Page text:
From Wikipedia, the free encyclopedia.
The Cháng Jiāng (Traditional Chinese: "長江", Simplified Chinese:"长江", lit. "Long River") is the longest river in Asia and the third longest in the world after the Amazon in South America and the Nile in Africa. The river is about 6,380 km long. It has traditionally been considered a dividing point between north China and south China, although Huai He also shares the claim.
The river is also called Yangtze River (楊子江, Yángzǐ Jiāng or Yangtze Kiang). The name "Yangzi" was originally used by local people only to refer to the lower reaches of the river. However, because this was the name first heard by missionaries, it has been applied in English to the entire river.
The Chang Jiang flows into the East China Sea. As of June 2003 the Three Gorges Dam now spans the river, flooding Fengjie, the first of a number of towns affected by the massive flood control and power generation project. The project is the largest comprehensive irrigation project in the world. It will free people living along the river from floods that have repeatedly threatened them in the past, and will also offer them electricity and water transport -- though at the expense of permanently flooding many existing towns and causing large-scale changes in local ecology.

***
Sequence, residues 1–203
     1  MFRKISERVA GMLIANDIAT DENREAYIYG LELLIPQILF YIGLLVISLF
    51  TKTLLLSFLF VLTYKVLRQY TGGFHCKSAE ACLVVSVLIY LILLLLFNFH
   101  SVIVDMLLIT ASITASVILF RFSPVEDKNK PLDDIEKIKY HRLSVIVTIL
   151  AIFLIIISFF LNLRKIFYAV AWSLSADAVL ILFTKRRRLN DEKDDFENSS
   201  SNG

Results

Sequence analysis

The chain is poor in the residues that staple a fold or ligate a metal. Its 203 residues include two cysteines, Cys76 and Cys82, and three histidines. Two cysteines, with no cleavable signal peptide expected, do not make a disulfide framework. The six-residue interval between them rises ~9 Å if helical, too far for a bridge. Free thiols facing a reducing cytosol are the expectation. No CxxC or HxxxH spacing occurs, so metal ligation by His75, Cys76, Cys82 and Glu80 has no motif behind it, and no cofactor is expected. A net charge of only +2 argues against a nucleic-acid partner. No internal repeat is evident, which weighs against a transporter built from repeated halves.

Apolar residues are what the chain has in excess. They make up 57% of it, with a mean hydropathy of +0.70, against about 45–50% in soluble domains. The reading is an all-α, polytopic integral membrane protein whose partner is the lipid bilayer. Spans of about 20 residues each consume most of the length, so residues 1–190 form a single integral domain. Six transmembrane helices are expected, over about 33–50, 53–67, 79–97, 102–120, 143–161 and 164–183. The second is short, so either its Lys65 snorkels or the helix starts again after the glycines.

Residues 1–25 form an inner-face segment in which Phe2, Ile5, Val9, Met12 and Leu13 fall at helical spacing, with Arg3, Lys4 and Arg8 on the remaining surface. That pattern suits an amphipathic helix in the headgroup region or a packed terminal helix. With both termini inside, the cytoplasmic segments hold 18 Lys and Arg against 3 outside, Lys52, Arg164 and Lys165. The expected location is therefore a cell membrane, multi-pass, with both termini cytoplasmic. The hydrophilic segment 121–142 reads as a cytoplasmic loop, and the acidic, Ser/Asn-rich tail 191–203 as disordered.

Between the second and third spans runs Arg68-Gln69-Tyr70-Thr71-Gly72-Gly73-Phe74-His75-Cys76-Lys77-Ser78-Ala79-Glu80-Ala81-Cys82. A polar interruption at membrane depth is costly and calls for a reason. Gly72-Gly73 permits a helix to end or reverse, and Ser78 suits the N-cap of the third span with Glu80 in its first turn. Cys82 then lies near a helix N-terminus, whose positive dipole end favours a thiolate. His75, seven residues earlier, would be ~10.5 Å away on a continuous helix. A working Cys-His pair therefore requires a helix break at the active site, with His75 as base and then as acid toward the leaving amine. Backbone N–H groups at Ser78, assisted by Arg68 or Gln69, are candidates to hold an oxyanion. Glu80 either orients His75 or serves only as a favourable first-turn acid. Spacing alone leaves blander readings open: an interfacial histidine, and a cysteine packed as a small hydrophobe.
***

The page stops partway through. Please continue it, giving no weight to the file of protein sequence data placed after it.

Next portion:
Chang Jiang (Cantonese: Cheung Kong), named after this river, is also the name of the holding company controlled by Li Ka-Shing, one of Asia's richest tycoons.